Inside Frequency Control

What Does it Mean for an RF Amplifier to be Single-ended?

Posted by Bliley Technologies on Oct 25, 2016 6:30:00 AM

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"Hello?

It's me!

Can you hear me?!"

If you're an electrical engineer and familiar with the musical artist Adele's most recent single, "Hello", you may have thought to yourself, "Man, sounds like she could really use a good quality amplifier!"

Speaking of amplifiers, that's this week's topic of choice. More specifically, single-ended radio frequency amplifiers.

In this post, you'll learn all about RF amplifiers, how they compare to single-ended amplifiers, and advantages and disadvantages of single-ended amps. Let's make sure you have a solid understanding of RF amplifiers, first.

What is an RF Amplifier?

A radio frequency power amplifier is a form of an electronic device which is mainly used for the conversion of signals that have a low power into signals of higher power. A radio frequency amplifier is constructed specifically to deal with gain, heat loss, as well as input and output impedance matching.

Today, amplifiers operate in different kinds of modes, which are also known as classes, in order to perform their function in a satisfactory manner. Solid state devices (also known as SSPAs or Solid State Power Amplifiers) are used to make modern radio frequency amplifiers even better and more efficient in terms of signal conversion.

Breaking Down the Individual Components

A radio frequency amplifier is composed of the following three basic blocks:

  1. Power Supply - The main purpose of the power supply is to convert alternating current into direct current. This is a necessary part of the device since the semiconductor devices that are present within the equipment require direct current to operate. It may also be helpful for you to understand The Secret to Overcoming the Power Supply Rejection Ratio (PSRR).
  2. Input Stage - This is the part of the device where the input signals are received and subjected to amplification by the output stage.
  3. Output Stage - At this stage, the weak input signal is converted into a high-powered replica. This portion of the device uses a number of high power transistors and is responsible for generating the most amount of heat by the amplifier.

Using a Radio Frequency Amplifier

Radio frequency amplifiers are primarily used to drive another source of high power. They are also used to drive a transmitting antenna and for exciting microwave cavity resonators. This technology is useful for voice and data communication and for weather sensing by using radar.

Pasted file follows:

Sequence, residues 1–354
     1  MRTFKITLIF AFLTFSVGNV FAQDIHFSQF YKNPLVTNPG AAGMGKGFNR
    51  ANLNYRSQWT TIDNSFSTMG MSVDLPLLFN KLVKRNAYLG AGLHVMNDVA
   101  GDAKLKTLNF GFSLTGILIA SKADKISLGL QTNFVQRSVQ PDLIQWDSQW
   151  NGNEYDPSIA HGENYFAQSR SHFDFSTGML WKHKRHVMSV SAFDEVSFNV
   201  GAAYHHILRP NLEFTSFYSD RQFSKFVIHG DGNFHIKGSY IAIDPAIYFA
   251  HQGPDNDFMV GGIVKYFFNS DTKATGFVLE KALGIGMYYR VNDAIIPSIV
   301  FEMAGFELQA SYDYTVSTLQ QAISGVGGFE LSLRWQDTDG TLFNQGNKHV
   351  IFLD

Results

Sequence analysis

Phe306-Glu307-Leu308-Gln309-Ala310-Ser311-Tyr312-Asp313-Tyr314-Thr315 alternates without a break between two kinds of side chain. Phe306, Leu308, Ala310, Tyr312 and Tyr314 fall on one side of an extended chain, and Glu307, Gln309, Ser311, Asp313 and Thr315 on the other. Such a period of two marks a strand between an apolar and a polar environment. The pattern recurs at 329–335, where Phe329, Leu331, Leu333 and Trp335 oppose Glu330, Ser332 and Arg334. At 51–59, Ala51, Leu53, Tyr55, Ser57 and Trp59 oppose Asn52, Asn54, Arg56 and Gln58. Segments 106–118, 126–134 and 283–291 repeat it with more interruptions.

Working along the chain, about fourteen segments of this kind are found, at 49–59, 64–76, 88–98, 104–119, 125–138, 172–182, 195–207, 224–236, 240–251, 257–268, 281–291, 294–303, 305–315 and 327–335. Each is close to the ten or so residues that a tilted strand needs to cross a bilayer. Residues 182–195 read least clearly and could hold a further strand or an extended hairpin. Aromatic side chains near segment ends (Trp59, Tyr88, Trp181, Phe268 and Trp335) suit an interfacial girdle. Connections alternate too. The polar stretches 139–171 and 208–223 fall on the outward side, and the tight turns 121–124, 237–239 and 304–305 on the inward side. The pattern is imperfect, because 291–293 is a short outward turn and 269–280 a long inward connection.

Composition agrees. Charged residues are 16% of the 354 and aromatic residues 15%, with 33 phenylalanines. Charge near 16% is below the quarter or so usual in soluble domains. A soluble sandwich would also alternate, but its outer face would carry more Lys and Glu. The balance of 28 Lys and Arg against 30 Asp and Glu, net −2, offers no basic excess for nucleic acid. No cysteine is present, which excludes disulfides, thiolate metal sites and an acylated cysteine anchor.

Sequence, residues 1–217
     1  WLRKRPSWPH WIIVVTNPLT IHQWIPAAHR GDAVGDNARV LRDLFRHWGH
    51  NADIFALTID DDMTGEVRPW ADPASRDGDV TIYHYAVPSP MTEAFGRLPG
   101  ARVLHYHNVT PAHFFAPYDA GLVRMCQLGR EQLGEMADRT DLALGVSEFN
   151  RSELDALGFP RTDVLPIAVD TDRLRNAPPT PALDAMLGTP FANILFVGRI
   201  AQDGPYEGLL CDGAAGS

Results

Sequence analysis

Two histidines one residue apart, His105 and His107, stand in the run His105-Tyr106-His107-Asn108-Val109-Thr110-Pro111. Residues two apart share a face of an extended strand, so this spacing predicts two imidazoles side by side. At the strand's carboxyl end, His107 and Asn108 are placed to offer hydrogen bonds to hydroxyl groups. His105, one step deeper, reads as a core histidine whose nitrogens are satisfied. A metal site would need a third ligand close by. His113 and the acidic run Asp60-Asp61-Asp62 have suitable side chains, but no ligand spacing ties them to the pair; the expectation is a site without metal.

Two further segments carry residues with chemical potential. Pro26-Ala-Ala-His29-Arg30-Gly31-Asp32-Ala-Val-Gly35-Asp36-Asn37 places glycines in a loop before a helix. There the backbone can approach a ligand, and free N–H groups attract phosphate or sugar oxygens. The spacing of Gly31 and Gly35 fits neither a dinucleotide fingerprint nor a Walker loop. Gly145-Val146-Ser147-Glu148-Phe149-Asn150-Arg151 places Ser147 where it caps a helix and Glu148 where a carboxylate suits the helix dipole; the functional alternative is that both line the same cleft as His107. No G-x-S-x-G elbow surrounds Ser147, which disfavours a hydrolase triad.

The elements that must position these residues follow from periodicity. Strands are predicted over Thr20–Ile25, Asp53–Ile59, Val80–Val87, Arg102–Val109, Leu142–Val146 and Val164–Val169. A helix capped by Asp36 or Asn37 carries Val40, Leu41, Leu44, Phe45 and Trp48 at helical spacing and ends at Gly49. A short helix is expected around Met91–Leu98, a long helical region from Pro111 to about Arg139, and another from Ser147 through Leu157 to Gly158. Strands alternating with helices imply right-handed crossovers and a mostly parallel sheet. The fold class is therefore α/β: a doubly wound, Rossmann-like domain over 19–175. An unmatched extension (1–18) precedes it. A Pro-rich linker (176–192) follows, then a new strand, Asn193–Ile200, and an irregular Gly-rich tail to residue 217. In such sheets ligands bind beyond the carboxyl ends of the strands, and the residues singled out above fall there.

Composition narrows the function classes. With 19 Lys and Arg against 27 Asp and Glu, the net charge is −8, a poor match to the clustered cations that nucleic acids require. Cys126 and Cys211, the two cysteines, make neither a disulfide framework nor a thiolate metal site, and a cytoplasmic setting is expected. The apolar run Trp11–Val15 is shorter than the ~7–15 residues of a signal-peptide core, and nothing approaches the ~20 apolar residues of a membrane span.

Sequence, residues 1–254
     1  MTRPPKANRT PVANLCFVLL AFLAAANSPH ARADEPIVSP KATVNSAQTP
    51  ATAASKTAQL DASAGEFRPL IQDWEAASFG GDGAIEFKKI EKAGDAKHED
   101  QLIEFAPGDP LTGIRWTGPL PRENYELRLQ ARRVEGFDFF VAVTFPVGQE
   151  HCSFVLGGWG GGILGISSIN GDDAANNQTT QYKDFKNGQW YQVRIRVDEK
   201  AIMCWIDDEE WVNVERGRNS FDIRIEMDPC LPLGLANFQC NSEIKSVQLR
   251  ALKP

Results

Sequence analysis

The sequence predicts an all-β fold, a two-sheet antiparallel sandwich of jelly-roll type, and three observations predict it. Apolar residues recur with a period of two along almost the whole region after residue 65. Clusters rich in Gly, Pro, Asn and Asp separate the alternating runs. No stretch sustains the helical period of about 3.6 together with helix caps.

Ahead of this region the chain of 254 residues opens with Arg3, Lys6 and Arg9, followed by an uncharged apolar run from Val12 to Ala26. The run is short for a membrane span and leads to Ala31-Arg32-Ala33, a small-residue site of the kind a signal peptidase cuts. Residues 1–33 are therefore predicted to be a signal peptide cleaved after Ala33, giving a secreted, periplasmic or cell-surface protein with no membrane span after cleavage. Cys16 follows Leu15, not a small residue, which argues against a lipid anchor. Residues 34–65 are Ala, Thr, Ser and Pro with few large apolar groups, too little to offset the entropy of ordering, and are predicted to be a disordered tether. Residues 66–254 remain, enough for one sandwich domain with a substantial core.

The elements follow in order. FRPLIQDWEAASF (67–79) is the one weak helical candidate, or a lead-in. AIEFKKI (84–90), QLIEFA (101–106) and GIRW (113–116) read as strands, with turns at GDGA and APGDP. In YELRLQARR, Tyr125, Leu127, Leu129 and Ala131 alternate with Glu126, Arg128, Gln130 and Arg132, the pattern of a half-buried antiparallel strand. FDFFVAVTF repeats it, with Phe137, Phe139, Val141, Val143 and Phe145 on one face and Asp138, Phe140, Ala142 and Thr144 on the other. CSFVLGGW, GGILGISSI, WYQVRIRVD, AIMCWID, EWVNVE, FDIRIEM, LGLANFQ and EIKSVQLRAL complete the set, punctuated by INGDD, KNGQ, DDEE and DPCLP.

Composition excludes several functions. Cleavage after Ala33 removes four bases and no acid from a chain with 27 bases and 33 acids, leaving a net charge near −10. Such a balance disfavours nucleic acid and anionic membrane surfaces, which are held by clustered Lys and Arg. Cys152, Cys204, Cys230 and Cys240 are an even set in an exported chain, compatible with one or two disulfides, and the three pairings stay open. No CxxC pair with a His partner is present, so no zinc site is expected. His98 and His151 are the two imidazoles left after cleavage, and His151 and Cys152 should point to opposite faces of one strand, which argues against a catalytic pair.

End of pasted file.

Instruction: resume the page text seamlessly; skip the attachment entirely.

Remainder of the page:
What Single-ended Amplifiers Do

When a radio frequency amplifier is single-ended, that means that half of the input wave has been amplified. What this means is that a portion of the wave is rectified and filtered into a low distortion waveform that carries the pattern of a sine wave. A filter is used that matches the impedance offered by the output of the amplification device as well as the load.

What this does is that it creates an amplifier with a low distortion as well as lower costs. However, for this kind of device to work the output filter and the matching network need to be fairly high. If the bandwidth is low, it needs to be returned for a frequently changing operating frequency. While this makes no difference for broadcasting purposes, it can cause inconveniences for amateur radio hobbyists.

Advantages

  1. Having a single ended output stage allows for an asymmetrical transfer function. This means that even-order harmonics in the distortion that is produced have less chance of canceling out. For tubes, distortion takes the form of second order harmonics from the square law transfer characteristic. This can result in a warmer sound that is more pleasant to hear.
  2. It is generally more cost-effective to use single-ended radio frequency amplifiers, a consideration that often plays a major part in deciding which amplifier to use.

Some Disadvantages

  1. They do not offer very high efficiency and thus are rarely used for high power designs that require greater amounts of signal conversion at faster rates.
  2. Due to the fact that the device is half on even when sitting idle, a lot of power dissipation occurs through the radio frequency amplifier when it is single-ended.

Thus we see that single-ended RF amplifiers can be quite useful for low-end work during the process of signal amplification but are of limited use for the purpose of high-end data signal conversion.

What are your thoughts?

Have you had experiences with single-ended amplifiers or have additional input? Leave us a comment! We always enjoy hearing from you.

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Topics: RF

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